The Uncouth Outsider Is Fun In Movies, But How About Politics?

He was an outsider who invaded an institution that did not look kindly upon outsiders.

His skills--if you could even call them "skills"--were effective, even though they were entirely unfinished, unrefined, and unorthodox. Some of the old guard looked on in amusement. Others were downright furious. They even tried to manipulate the system to exclude him.

But excluding him could never happen.

For starters, the media was transfixed, ensorcelled even. Ratings spiked each time he did something that would otherwise ruin another person in his position. Gratuitous acts of violence, obscene language, and "locker room" humor. Some were appalled. But for his legions of followers, all of this fueled an unwavering commitment to their hero.  

And then, against all odds, he won--and won big. No one could believe it. Everything had to go his way for this to happen. And everything, indeed, went his way.

Sound familiar?

That's right. I'm talking about that 1996 film classic Happy Gilmore featuring the comic genius of Adam Sandler.

Last week I managed to attract a stomach bug that put me in bed for a while. When something like this happens, I try to watch movies that won't make me think. So Happy Gilmore it was. But this was my first time viewing this one since the election. Everything looks different since the election.

As storylines go, this is familiar territory for Adam Sandler movies--and for popular movies more generally. Indeed, the animated films that I watch with my kids almost always rely on an unlikely yet endearing hero, from Shrek to SpongeBob SquarePants. The same is true of political movies. For example, the 1993 comedy Dave starring Kevin Kline imagined a presidential impersonator who ends up masquerading as the president. In addition to having fun with the ceremonial duties of the job, he enlists his accountant friend to fix the budget. Because all the budget needs is a CPA to figure it out. And all the presidency needs is "one of us" to use our "common sense."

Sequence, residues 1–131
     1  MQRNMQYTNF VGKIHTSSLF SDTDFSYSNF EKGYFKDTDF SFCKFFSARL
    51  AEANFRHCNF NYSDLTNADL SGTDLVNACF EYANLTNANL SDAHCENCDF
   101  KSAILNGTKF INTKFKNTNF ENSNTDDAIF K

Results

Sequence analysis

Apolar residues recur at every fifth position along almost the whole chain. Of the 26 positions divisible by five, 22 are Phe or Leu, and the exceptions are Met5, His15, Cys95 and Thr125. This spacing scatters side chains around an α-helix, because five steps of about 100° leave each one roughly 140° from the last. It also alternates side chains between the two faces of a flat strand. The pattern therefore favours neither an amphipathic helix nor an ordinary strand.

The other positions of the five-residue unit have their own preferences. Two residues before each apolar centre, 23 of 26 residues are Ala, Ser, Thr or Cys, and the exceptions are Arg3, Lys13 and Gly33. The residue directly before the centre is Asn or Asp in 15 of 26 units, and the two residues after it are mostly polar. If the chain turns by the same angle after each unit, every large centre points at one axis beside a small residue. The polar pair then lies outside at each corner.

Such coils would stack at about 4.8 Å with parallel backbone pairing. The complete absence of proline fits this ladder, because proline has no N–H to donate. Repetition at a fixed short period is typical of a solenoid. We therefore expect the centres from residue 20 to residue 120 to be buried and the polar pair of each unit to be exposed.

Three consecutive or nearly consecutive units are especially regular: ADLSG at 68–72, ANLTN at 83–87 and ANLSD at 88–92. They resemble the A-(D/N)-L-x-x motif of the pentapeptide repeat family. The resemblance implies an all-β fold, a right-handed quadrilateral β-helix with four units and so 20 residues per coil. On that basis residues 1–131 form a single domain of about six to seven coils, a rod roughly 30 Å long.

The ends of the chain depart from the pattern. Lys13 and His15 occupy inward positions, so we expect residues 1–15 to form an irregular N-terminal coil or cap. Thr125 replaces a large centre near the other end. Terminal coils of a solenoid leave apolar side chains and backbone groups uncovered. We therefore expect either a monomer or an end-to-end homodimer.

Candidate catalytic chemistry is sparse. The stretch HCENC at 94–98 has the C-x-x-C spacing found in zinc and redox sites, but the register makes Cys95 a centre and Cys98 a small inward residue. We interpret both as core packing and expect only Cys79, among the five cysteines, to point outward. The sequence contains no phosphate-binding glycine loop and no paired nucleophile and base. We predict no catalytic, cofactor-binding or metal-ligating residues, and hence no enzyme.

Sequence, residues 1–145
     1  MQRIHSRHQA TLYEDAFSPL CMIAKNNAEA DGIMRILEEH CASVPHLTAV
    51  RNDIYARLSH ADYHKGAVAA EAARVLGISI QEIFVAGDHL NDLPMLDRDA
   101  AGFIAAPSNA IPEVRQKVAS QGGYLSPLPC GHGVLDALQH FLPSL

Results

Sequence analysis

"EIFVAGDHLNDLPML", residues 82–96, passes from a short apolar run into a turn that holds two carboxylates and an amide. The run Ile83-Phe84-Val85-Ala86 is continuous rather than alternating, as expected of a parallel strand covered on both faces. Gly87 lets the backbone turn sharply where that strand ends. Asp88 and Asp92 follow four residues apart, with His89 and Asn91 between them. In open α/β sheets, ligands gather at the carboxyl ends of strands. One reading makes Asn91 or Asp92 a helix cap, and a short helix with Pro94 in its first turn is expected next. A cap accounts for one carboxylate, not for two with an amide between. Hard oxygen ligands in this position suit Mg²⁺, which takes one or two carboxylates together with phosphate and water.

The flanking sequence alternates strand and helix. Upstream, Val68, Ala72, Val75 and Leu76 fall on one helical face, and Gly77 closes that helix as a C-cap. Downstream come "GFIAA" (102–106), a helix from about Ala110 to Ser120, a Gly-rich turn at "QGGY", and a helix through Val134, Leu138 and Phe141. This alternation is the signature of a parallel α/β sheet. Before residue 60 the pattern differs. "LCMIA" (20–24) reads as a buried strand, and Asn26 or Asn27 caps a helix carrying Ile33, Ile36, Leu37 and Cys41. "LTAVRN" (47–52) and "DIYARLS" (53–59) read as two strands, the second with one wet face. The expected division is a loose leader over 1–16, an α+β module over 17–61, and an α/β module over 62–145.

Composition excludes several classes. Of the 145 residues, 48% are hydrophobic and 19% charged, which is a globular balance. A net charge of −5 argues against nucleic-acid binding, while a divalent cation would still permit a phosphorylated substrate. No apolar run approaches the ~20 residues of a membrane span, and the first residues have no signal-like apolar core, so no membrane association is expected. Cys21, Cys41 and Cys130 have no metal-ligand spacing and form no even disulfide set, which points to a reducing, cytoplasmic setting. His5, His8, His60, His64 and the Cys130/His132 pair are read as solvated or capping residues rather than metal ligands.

I am tempted to think that there is something uniquely American and uniquely contemporary to all of this. But then I think of the story of Pope Joan. In the 13th century, a legend circulated of a woman who took on the appearance of a man and rose to become pope. Some of the stories say that she was finally exposed when she gave birth whilst mounting a horse.

So there you have it... Pope Joan was the Happy Gilmore of the Middle Ages--an amusing story that carries with it a popular critique of the ruling powers of the time. I wonder if people then told this story to each other when they had a the plague?


Whether it's folklore or movie scripts, the uncouth outsiders make for a compelling story of populist victories and elitist defeats. When it comes to the very real world of politics and governing, well...

I guess 2017 will tell us how that all works out.